This movie has, without a doubt, the very best and most affectionate human/fish love scene in film. Seriously though, there is major commentary about love, about identity, and about people standing up for themselves.

This is an amazing movie. It’s very weird, and very beautiful. Sally Hawkins is outstanding, and Michael Shannon, Octavia Spencer, and Richard Jenkins give excellent performances. This is a story about finding love even though you’re different, about standing with those you’re close to, and about fighting against forces that would remove the unique things from the world.

City Lights: The First Romantic Comedy

City Lights

As a fan of cinema, the exploration of early films and the works of early stars like Chaplin are instructive. Seeing familiar jokes and gags done in perhaps their original form enhances my appreciation for later films, and it shows the influence of these works. City Lights is no exception.

Sights and Sounds

Many funny scenes depend on the camera angle for maximum effect. The scene early in the film with the sidewalk elevator narrowly missing the Tramp several times as he examines a piece of “artwork” is a good early example of this. The shot, which shows the Tramp almost stepping into the hole several times while not noticing, is shot from in front of the Tramp, letting the audience in on the secret while showing that he has no idea what’s going on.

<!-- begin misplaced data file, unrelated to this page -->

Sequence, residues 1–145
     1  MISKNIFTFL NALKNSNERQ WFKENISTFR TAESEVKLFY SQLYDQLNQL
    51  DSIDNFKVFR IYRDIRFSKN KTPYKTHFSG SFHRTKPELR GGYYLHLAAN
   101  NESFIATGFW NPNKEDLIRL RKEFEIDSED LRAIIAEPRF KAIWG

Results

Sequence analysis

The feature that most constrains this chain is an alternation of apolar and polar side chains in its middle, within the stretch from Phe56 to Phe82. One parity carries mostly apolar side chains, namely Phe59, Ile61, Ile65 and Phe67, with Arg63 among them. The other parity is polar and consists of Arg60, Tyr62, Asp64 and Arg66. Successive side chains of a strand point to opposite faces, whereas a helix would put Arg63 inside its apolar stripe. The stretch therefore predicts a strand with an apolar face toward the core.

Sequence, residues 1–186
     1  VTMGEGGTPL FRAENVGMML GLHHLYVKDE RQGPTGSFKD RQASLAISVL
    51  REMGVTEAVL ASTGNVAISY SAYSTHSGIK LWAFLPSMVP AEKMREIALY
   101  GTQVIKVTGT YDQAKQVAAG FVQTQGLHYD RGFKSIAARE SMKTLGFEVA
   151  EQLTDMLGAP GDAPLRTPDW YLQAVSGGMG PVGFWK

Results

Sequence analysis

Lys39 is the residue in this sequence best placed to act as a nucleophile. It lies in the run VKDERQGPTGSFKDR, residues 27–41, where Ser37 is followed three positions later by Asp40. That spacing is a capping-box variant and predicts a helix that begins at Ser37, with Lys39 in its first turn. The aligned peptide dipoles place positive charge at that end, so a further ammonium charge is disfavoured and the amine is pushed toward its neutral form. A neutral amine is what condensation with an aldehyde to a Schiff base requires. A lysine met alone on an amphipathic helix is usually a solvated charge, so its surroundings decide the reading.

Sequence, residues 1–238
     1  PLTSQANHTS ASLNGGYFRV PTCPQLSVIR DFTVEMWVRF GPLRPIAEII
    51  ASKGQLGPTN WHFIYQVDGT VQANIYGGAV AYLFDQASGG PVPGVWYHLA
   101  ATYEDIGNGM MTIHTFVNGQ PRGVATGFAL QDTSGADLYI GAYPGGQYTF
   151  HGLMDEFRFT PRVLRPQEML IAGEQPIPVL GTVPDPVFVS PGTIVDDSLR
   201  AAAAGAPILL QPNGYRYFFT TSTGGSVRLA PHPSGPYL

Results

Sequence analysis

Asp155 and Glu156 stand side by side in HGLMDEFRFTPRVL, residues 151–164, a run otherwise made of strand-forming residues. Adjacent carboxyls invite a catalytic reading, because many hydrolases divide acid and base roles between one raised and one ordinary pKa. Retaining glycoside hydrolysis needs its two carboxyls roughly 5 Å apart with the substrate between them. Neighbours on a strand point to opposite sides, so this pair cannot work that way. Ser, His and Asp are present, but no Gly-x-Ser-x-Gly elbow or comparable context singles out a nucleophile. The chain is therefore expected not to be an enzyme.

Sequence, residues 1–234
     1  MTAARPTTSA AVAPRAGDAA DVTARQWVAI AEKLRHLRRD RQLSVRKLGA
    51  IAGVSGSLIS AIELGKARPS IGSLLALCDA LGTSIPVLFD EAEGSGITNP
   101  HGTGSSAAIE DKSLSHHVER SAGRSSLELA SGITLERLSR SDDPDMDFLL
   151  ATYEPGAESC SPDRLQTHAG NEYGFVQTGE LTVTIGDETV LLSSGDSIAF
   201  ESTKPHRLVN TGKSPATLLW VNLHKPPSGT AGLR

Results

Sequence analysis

The fact that Chaplin scored this film, as well as write, direct, and act in, shows that he was very talented in different ways. It also shows a bit of a control freak at work. It seems that he had such a particular idea about what the film needed to look and sound like, that he could only rely on his own talents to put it together correctly. The result seems to have been remembered fairly as a work of genius, but it could have easily been a disaster with only one creative force making all the decisions.

The Jokes